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Battle of Nuʻuanu Annual Commemoration with Sam Gon


Battle of Nuʻuanu Annual Commemoration with Sam Gon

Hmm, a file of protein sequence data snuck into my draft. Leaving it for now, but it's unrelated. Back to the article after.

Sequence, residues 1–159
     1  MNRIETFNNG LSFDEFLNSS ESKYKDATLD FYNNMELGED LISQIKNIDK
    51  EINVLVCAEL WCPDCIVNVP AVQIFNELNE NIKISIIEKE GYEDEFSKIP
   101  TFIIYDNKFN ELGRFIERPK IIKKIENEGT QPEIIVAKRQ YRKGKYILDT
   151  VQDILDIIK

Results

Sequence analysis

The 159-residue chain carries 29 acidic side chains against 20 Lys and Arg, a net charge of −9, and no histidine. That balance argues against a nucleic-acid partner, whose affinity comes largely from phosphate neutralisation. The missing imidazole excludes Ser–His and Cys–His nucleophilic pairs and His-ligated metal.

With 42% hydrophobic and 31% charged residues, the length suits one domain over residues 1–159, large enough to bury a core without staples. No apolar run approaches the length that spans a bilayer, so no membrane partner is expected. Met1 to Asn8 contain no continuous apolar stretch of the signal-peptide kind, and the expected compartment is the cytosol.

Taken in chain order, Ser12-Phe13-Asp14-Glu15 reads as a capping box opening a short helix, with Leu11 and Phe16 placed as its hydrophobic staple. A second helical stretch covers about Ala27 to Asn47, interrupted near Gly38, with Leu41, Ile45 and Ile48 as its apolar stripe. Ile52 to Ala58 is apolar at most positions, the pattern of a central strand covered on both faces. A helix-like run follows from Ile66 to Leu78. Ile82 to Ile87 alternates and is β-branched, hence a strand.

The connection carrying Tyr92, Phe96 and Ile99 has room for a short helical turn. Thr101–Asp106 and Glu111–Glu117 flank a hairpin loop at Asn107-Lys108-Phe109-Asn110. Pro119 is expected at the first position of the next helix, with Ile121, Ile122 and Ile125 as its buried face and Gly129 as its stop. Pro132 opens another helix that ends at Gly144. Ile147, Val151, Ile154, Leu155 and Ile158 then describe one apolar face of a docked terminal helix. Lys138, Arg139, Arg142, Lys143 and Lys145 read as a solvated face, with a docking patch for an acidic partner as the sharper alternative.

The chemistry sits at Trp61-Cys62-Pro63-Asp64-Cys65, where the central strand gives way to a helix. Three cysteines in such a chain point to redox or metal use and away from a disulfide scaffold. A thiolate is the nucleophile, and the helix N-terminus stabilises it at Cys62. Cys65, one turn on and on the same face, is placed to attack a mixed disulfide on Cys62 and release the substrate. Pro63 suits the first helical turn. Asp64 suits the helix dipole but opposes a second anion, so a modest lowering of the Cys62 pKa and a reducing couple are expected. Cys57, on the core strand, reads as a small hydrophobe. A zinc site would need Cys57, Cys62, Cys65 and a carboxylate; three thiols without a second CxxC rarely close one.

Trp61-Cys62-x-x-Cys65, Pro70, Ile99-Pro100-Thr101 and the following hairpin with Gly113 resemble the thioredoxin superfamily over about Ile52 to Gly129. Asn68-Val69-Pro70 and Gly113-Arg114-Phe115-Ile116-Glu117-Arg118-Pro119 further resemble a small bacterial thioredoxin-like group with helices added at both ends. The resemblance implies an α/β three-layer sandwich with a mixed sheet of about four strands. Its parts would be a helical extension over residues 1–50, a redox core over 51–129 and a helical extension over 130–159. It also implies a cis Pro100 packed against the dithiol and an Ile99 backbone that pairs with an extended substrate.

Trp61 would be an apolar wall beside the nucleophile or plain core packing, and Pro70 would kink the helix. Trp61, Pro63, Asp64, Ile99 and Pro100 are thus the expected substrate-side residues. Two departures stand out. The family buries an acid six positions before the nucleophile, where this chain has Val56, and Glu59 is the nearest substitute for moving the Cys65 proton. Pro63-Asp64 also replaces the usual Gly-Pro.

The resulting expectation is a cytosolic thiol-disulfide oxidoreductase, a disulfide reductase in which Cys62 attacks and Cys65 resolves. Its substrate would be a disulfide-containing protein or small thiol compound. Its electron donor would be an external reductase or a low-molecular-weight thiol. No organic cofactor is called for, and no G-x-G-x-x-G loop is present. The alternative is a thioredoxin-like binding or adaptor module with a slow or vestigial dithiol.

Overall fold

Sam ʻOhukaniʻōhiʻa Gon III is a kamaʻāina of Nuʻuanu Valley, District of Kona, moku of Oʻahu, who is a conservation biologist, serving as Senior Scientist and Cultural Advisor for The Nature Conservancy of Hawaiʻi. He is also a kumu oli, a teacher of Hawaiian chant, for Hālau Mele, the hālau-in-residence at The Bernice Pauahi Bishop Museum in Kaiwiʻula, Oʻahu. Oʻahu at the time was under the rule of Maui. Kalanikūpule was the Maui chief who ruled Oʻahu. Previously, Kahekili had defeated Kahana, who was the last chief of Oʻahu as an independent kingdom. An uprising by the Oʻahu chiefs was brutally put down, the chiefs killed, and their bones made into a fence around one of the structures at the luakini heiau of Kalanikūpule. This insurrection occurred at Waipiʻo in central Oʻahu and was named Waipiʻo-Kīmopō, the insurrection at Waipiʻo. Thus, it was not Oʻahu that Kamehameha battled at Nuʻuanu, but Maui. Kalanikūpue’s father, Kahekili, was the aliʻi nui o Maui, Molokaʻi, Lānaʻi and Oʻahu, but had asked Kamehameha not to attack until he was dead. This was likely because it is thought that Kahekili was Kamehameha’s biological father, so when Kahekili dies in 1794, the way was opened for Kamehameha’s attack in 1795. Perhaps Kamehameha would not have attacked so soon, but for two things: Kalanikūpule and his brother Kaʻeokūlani soon found themselves battling each other over Kahekili’s inheritance, that’s the Kingdom of Maui. And although Kalanikūpule eventually won, his forced forces were greatly weakened. Furthermore, Kalanikūpule commandeered two foreign vessels, killing their captains, and intended to use the armaments to attack Hawaiʻi Island, however, the haole crew of the vessels staged mutiny off Waikīkī and succeeded, and although they did not kill Kalanikūpule, they put him in a small boat off of Waikīkī and then sailed to Hawaiʻi Island, where they informed Isaac Davis and John Young, Kamehameha’s haole advisors and trainers in the use of cannons and guns, of Kalanikūpule’s plan. This likely triggered Kamehameha’s mobilization of his great war fleet so that by the end of the Hoʻoilo (the cool wet season), he was ready to launch with the largest army the Hawaiian islands had ever seen, with about 12,000 men and women warriors and 1,200 war canoes. When did his attack start on Oʻahu? Kamehameha’s fleet landed at Waikīkī and after a few days to gather supplies and set strategy, the battle began. Kamehameha’s army advanced westward, encountering Kalanikupule’s first line of defense near Pūowaina (Punchbowl Crater). Splitting his army into two, Kamehameha sent one half in a flanking maneuver around the crater and the other straight at Kalanikupule. Pressed from both sides, the Oʻahu forces retreated to Kalanikupule’s next line of defense near Laʻimi (near the site of Queen Emma’s summer Palace today). While Kamehameha pursued, he secretly detached a portion of his army to clear the surrounding heights of the Nuʻuanu Valley of Kalanikupule’s cannons. Kamehameha also brought up his own cannons and guns to fire upon Kalanikūpule’s army at Laʻimi. During this part of the battle, both Kalanikupule and Kaʻiana were wounded, Kaʻiana fatally. With its leadership in chaos, the Oʻahu army slowly fell back north through Nuʻuanu Valley to the pinch point where the narrow dangerous cliff trail into Kailua began. That is why hundreds of warriors were bunched at the precipice and were either crowded over the edge or chose to jump rather than be captured. This is why the battle is called Kalelekaʻanae (the leaping mullets). In 1898 men working on improving the Pali road discovered 800 skulls which were the remains of some of the warriors that fell to their deaths from the cliff above. Kalanikūpule and some of his men escaped by climbing Lanihuli, one of the two peaks flanking the head of Nuʻuanu, and following the Koʻolau summit crest to Waimalu Valley near Puʻuloa, where Pearl Harbor is today, where they hid for some days until they were betrayed by the people of Waimalu and captured. Kalanikūpule was taken to Papaʻenaʻena heiau at the base of Lēʻahi (Diamond Head) and sacrificed.

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